House passes stopgap spending measure. The House passed the measure to keep the government open through March 11. The bill now goes to the Senate.
White House urges parents to file their 1040s quickly to collect child tax credits. There is roughly $193 billion waiting for families eligible for remaining expanded child tax credit funds. In a virtual event yesterday, Vice President Kamala Harris, Treasury Secretary Janet Yellen, and White House senior adviser Gene Sperling encouraged people to file tax returns this year even if their incomes are so low they usually don’t do so. Families can check eligibility at childtaxcredit.gov. This year’s filing deadline is April 18.
Romney: A possible deal on the Child Tax Credit. The Utah Republican says he’s quietly been talking about a compromise with Democrats, including Sen. Joe Manchin. Romney, who has proposed his own payment to parents called the Family Security Act, told the American Enterprise Institute he’d be ”pretty flexible” on details. He said an agreement might limit the credit for higher-income people and finesse the controversy over whether parents must work to get a payment.
Don Lubick dies. The former Assistant Treasury Secretary for Tax Policy in both the Carter and Clinton administrations died yesterday at age 95. He first joined Treasury in 1961, the first year of the Kennedy Administration, and continued his public service through Barack Obama’s 2008 transition team. TPC holds an annual tax policy symposium in his honor.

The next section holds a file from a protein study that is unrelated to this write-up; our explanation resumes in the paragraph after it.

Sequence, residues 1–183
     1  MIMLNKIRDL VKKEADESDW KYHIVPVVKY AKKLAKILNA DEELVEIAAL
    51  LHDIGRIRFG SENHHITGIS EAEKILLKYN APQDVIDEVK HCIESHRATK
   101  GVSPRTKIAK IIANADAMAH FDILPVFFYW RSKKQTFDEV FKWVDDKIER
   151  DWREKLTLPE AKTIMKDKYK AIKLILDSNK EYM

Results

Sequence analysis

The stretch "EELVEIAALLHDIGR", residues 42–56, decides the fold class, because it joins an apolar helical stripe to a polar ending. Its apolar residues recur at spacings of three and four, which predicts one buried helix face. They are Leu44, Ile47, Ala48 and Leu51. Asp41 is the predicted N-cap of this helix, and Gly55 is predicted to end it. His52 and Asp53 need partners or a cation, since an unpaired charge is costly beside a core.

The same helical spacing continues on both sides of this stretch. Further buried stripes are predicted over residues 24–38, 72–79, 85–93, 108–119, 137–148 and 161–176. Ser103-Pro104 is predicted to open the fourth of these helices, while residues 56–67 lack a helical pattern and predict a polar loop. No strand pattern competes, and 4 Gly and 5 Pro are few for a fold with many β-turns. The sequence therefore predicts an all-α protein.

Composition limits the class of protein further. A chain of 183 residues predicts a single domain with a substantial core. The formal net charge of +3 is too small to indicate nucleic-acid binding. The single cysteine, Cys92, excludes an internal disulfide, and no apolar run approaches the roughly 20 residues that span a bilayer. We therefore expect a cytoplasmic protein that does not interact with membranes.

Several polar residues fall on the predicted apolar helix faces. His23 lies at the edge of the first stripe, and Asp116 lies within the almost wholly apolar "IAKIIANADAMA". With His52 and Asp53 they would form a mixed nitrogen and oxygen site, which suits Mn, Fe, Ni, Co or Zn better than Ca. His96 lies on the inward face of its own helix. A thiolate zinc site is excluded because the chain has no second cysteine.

Confirm the Fed nominees, 180 economists urge the Senate. A group including former Federal Reserve chair Ben Bernanke and former vice chair Alan Blinder urged lawmakers to confirm President Biden's five nominees to Federal Reserve positions. “The current slate of nominees would allow the Federal Reserve to vigorously pursue its dual mandate of full employment and price stability—a mission that has an immense impact on the lives of all Americans,” the group said.
Even with soaring revenues, states should be cautious cutting taxes. Tax cuts are tempting, but “this year’s large surpluses can quickly turn to shortfalls,” warns TPC’s Lucy Dadayan. She recommends policymakers consider the effects of inflation, changing consumer spending patterns, a turbulent stock market, a slowing rate of initial public offerings, and timing changes as taxpayers’ anticipated federal tax rate increases. All suggest that last year’s big revenue gains could be temporary.
Meanwhile: South Carolina lawmakers consider an income tax cut. The House Ways & Means Committee is considering a gradual 1 percentage point cut in the top 7 percent individual income tax rate over five years. After the first year’s 0.2 percent reduction, further cuts would occur only if growth in projected General Fund revenue exceeds 5 percent of the expenditure base. The Revenue and Fiscal Affairs Office estimates the plan would cost $800 million. South Carolina’s total state budget in fiscal year 2021-2022 is $31 billion.
The US cuts steel tariffs on Japan. The Biden Administration struck a deal to eliminate 25 percent steel tariffs on Japan as long as imports do not exceed historically-based volumes. The agreement takes effect on April 1. The US reached a comparable deal with the European Union three months ago, exempting imported steel products from a 25 percent tariff and aluminum from a 10 percent tariff, as long as imports remain below targets.
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